Saturday, February 05, 2011

The Political Power of Narrative Trumps that of Fact

I've been looking at the social power of narratives for a while, and you seen to get the idea over quite well. Here is a Scientific American Mind article which supports the power of storytelling: The Secrets of Storytelling: Why we Love a Good Yarn.

Politically a good narrative trumps a lot of powerful facts because that is the way the human mind works. That's true even when the story being told is blatantly fiction.

Since one of the major focuses of a liberal education is to overcome the desire for a good story when the facts demonstrate that it is false, we liberals are trained to downgrade the importance of narrative. But the major religions are all transmitted through narratives. So is the American conservative movement - certainly it has been since Reagan started telling the Welfare Queen story.

Another example is Ayn Rand's book "The Fountainhead" which is the narrative soul of Libertarianism in America today. Fact? Not a bit, but any facts that are presented to demonstrate its falsity literally bounce off of the narrative power of that book. Try arguing with a committed libertarian and you will see that there is no rationality in their position.

Tribalism is passed on through narrative, not through any form of science or reliable truth. For a modern example of such tribalism Michael Wolraich points out (in his TPM Cafe essay How a Story Seduced the Right Wing) that the conservative movement is a tribal group held together through a series of narratives.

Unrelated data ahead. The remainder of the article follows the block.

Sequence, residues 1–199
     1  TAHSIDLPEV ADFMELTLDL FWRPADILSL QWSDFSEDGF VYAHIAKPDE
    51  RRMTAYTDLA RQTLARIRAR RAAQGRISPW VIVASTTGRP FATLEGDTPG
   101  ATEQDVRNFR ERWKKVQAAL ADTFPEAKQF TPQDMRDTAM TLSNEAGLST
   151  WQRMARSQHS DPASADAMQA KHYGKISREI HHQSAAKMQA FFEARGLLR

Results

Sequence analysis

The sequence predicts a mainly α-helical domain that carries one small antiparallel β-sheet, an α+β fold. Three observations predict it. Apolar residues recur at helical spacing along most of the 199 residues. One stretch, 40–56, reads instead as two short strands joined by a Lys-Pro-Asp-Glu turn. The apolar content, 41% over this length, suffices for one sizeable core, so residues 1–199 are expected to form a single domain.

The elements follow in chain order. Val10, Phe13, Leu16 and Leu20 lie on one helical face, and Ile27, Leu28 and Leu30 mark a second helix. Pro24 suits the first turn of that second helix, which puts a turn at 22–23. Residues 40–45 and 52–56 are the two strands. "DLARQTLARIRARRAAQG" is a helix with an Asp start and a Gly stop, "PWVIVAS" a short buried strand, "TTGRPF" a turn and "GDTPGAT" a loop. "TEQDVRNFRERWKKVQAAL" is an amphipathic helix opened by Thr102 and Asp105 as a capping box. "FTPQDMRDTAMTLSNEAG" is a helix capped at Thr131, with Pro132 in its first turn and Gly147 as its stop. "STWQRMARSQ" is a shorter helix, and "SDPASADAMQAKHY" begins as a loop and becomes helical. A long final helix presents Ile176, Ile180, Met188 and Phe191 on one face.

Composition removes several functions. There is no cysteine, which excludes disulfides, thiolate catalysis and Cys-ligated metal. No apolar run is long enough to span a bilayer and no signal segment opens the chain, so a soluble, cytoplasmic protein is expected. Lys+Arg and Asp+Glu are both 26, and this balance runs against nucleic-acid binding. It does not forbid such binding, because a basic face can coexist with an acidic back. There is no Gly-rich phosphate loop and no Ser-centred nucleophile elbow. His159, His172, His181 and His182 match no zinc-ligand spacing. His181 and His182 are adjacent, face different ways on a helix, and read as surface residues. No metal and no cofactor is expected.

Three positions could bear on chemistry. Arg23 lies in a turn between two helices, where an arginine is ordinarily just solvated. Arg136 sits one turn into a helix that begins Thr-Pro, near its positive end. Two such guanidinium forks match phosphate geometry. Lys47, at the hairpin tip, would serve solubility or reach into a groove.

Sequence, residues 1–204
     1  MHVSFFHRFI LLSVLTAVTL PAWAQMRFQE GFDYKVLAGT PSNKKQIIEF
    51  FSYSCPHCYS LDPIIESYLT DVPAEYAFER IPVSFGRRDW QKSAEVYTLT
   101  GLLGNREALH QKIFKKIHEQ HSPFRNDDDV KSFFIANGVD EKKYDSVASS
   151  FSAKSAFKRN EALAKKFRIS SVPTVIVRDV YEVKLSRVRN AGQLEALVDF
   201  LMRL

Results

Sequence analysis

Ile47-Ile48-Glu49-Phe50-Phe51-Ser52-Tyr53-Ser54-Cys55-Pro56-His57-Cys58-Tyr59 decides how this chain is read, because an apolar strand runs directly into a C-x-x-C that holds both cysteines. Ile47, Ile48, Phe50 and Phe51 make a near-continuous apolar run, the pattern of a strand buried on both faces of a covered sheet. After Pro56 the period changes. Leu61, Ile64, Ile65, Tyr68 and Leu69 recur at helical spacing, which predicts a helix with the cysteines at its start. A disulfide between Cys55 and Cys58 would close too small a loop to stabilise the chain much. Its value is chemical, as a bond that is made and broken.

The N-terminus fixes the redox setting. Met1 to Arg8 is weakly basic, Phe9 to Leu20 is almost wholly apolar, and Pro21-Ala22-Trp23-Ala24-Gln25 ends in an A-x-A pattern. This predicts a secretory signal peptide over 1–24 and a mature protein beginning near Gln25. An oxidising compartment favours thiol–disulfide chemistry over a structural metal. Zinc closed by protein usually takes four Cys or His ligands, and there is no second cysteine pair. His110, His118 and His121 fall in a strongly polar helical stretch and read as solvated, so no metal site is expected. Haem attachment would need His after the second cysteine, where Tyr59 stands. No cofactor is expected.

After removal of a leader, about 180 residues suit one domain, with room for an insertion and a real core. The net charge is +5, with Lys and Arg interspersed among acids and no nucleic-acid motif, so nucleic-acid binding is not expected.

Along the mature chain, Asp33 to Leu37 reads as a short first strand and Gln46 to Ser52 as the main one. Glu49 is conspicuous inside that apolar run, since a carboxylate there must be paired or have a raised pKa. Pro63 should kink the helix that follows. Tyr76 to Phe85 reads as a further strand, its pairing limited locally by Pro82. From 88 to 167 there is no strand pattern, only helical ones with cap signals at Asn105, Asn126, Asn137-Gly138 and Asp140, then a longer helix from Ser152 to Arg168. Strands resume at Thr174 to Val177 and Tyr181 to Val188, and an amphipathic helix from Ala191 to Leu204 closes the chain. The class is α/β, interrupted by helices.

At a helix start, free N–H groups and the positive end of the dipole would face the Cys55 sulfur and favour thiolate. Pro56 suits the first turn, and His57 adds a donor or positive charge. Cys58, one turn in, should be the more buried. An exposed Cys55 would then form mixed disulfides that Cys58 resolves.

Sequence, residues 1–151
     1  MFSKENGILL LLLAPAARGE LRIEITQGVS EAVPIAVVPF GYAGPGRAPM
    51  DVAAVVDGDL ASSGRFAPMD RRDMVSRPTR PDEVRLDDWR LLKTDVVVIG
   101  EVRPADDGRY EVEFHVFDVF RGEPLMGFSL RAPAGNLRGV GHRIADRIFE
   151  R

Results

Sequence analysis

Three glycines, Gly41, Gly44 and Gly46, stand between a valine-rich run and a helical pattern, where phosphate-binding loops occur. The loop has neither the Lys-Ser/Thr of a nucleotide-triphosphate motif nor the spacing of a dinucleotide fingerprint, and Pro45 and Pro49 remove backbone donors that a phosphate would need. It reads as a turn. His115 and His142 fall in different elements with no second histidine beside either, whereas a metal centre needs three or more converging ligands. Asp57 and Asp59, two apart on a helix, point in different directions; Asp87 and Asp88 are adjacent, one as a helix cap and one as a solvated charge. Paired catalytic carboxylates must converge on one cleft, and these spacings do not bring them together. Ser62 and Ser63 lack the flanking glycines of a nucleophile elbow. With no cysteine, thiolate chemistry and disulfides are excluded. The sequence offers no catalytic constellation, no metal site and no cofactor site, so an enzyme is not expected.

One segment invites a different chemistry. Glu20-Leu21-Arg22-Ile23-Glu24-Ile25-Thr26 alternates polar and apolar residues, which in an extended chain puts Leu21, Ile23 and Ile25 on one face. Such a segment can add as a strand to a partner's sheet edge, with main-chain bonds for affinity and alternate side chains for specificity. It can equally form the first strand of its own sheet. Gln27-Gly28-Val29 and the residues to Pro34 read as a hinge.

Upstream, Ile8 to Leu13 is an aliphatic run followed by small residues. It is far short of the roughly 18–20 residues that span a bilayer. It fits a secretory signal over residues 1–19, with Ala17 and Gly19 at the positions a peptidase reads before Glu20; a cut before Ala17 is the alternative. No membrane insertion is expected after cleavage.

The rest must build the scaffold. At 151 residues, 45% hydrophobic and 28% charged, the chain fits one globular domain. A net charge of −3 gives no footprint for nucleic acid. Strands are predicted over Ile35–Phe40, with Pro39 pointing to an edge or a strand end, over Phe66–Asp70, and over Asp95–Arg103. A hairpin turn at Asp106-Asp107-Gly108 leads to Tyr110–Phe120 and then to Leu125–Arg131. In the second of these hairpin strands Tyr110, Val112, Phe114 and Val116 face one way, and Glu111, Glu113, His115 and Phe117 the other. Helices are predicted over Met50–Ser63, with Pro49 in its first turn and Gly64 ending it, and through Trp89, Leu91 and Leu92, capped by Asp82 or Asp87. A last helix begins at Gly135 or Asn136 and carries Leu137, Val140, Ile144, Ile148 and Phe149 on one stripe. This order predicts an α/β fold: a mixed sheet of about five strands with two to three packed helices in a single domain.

When I started trying to understand the nature of narrative I was referred to an essay "Notes on the Origins and Life of Narrative" in Reynolds Price's excellent book "A Palpable God." It is the best discussion of narrative I have ever found. The rest of the book is Price's translations of various books of the Old Testament which he presented as outstanding example of narratives. The desert religions are based on the tribalism carried in those stories. I found the same narrative power in an excellent book called "The Teachings of Buddha" by Paul Carus. Again the stories were told and refined by storytellers (because of their narrative power) for centuries before ever being written down.

These days many of the best narratives in America are crafted by advertisers and PR people. The conservatives have adopted narratives as ways of communicating and attracting others to join their tribe. Rush Limbaugh crafts narratives and tries them out on his audience, then modifies them to improve the power to get people to do what he wants.

It's going to be difficult for liberals to fight the political battle based on mere facts and science. The human mind prefers narratives to determine how to behave - or to vote.

[I haven't read it yet, but Michale Wolraich recently published a book on this subject entitled Blowing Smoke: Why the Right Keeps Serving Up Whack-Job Fantasies about the Plot to Euthanize Grandma, Outlaw Christmas, and Turn Junior into a Raging Homosexual.]

1 comment:

David Kaib said...

These days many of the best narratives in America are crafted by advertisers and PR people.

I think conservatives invested a great deal of energy in developing strong narratives over the past few decades. The PR people deploy those narratives already developed. This is one of Lakoff's main points - conservative dominance was built, over time, beginning in a period when conservative ideas were, according to conventional wisdom, losers. Unfortunately, too many in the Democratic Party in recent years have sought to skip to the PR part of the process without ever working to lay the ground work.